14 Skoyles, J. R. 1999. Human evolution expanded brains to increase expertise capacity, not IQ. Psycoloquy. 10:

15 Battro, Antonio. 2001. Half a brain is enough: the story of Nico. New York, NY: Cambridge University Press.

16 Dorman, C.  1991. Microcephaly and Intelligence. Developmental Medicine and ChildNeurology. 33(3): 267-69.

17 Plomin, R. 2003. Genetics, genes, genomics, and g (guest editorial). Molecular Psychiatry. 8: 1-5.

18 Plomin, R. 2004. Intelligence: genetics, genes, and genomics. Journal of Personality and Social Psychology. 86(1): 112-129.

19 Pam, A.; S. Kemker; C. Ross; and R. Golden. 1996. The equal environments assumption in MZ-DZ twin comparisons: an untenable premise of psychiatric genetics? Acta GeneticaeMedicae et gemellologiae: Twin Research. 45(3): 349-360.

20 Turkheimer, E.; A. Haley; M. Waldron; B. D’Onofrio; and I. Gottesman. 2003. Socioeconomic status modifies heritability of IQ in young children. Psychological Science. 14(6): 623-628.

21 Flynn, J.R. (1981). “The mean IQ of Americans: Massive gains 1932 to 1978.” Psychological Bulletin, Vol. 95, pp. 29-51.

22 “Intelligence: Knowns and Unknowns.” Board of Scientific Affairs, American Psychological Association. Released August 7, 1995.

23 Lee, E.S. (1951). “Negro intelligence and selective migration:  A Philadelphia test of the Klineberg hypothesis.” American Sociological Review. Vol. 16, pp. 227-232.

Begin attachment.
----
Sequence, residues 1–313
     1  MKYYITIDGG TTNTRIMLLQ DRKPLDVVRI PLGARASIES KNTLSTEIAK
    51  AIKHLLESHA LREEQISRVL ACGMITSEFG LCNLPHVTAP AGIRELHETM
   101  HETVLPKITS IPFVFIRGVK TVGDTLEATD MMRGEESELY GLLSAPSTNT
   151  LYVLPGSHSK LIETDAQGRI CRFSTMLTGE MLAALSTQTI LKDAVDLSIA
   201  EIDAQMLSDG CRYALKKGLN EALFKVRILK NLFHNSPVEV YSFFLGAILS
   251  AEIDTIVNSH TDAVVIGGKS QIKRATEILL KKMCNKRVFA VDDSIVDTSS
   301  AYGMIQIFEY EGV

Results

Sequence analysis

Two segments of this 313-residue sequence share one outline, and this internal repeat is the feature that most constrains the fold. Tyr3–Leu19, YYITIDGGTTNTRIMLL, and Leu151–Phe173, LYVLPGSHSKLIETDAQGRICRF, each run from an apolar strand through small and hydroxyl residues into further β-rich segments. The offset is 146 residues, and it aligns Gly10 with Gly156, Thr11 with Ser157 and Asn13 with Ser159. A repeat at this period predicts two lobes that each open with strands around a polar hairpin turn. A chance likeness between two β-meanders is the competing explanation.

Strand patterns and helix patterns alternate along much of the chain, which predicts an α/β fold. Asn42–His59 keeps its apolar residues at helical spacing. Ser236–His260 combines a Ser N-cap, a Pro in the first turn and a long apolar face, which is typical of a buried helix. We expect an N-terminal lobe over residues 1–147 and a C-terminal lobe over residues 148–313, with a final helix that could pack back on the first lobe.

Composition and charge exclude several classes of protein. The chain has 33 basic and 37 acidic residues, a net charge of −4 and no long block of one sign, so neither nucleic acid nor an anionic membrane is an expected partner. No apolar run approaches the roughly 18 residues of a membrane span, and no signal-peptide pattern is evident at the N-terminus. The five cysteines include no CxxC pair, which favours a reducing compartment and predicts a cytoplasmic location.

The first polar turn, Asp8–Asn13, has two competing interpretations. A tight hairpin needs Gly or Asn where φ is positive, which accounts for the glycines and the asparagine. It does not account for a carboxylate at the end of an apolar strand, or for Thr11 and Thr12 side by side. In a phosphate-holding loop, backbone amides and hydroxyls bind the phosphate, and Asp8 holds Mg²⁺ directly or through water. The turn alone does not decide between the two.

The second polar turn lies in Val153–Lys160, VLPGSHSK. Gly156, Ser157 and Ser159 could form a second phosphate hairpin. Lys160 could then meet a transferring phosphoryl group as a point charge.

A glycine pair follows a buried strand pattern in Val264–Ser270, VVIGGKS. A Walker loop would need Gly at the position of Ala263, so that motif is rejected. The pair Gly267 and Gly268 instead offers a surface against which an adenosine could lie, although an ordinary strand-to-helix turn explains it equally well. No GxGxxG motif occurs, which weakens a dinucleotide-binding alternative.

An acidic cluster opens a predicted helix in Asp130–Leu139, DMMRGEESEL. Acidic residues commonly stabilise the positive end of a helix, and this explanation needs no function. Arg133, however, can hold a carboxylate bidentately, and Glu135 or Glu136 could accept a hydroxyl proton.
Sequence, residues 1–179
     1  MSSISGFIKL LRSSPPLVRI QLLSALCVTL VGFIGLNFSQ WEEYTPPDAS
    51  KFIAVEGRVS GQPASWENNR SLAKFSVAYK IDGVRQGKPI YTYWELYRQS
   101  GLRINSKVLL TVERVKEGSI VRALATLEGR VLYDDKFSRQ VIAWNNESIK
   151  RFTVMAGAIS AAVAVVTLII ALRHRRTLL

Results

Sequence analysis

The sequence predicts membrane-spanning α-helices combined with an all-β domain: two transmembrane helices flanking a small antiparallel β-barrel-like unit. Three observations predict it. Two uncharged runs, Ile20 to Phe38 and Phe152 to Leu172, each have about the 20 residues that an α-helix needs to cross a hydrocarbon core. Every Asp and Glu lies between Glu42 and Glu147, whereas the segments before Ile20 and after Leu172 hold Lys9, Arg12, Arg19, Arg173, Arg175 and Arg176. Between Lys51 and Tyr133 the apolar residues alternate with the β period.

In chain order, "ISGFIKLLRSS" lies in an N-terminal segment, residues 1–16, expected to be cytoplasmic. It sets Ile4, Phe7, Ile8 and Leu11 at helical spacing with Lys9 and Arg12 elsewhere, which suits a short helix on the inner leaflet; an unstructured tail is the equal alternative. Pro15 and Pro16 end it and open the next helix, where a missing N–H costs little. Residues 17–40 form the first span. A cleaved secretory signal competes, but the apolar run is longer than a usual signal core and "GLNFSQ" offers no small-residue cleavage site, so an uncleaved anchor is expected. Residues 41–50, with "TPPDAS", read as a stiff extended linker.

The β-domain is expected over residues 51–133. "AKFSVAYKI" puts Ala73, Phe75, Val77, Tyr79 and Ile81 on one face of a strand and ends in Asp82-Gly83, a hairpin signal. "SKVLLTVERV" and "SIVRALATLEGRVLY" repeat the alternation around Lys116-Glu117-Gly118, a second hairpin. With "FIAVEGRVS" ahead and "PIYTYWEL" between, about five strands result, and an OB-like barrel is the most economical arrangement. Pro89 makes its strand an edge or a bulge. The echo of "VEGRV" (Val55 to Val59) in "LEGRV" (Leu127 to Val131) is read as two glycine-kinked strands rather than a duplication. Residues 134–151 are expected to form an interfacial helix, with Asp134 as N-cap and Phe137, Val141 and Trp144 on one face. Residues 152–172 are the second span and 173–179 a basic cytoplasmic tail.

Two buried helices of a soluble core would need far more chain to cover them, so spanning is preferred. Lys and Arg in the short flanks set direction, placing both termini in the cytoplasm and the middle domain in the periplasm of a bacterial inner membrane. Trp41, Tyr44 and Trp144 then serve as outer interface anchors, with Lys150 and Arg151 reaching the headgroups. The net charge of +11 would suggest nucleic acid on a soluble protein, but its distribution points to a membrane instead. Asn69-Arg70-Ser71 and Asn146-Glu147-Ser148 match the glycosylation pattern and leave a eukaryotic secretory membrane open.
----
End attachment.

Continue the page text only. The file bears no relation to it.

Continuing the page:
24 Ceci, S. J. 1991. How much does schooling influence general intelligence and its cognitive components? A reassessment of the evidence. Developmental Psychology. 27:  703-722.

25 Consortium for Longitudinal Studies. 1983. As the twig is bent…lasting effects of preschool programs. Hillsdale, NJ: Erlbaum.

26 Pollitt, E.; K. S. German; P. L. Engle. R. Martorell, and J. Rivera. 1993. Early supplementary feeding and cognition. Monographs of the Society for Research in ChildDevelopment. 58(235): 1-99.

27 McMichael, A.J.; P. A. Baghurst; N. R. Wigg; G. Vimpani; E. Robertson; and R. Roberts. 1988. Port Pirie cohort study: environmental exposure to lead and children’s abilities at the age of four years. New England Journal of Medicine. 319: 468-75.

28 Streissguth, A.; H. Barr; P. Sampson; B. Darby; and D. Martin. 1989. IQ at age 4 in relation to maternal alcohol use and smoking during pregnancy. Developmental Psychology. 25: 3-11.

29 Intelligence: Knowns and Unknowns. Board of Scientific Affairs, AmericanPsychological Association. Released August 7, 1995.

30 Rowe, D.; K. Jacobson; and E. Van den Oord. 1999. Genetic and environmental influences on vocabulary IQ: Parental education level as moderator. Child Development. 70: 1151-1162.

31 Flynn, J. R. 1981. The mean IQ of Americans: massive gains 1932 to 1978. Psychological Bulletin. 95: 29-51.

32 Grissmer, D.; S. Kirby, M. Berends; and S. Williamson. 1994. Student achievement and the changing American family. Santa Monica, CA: RAND Corporation.

33 Plomin R. (Ed), J. C. Defries; G. E.  McClearn; and P. McGuffin. 2000. Behavioral Genetics. American Psychological Association Publishers.

34 Retrieved on March 2, 2006 from: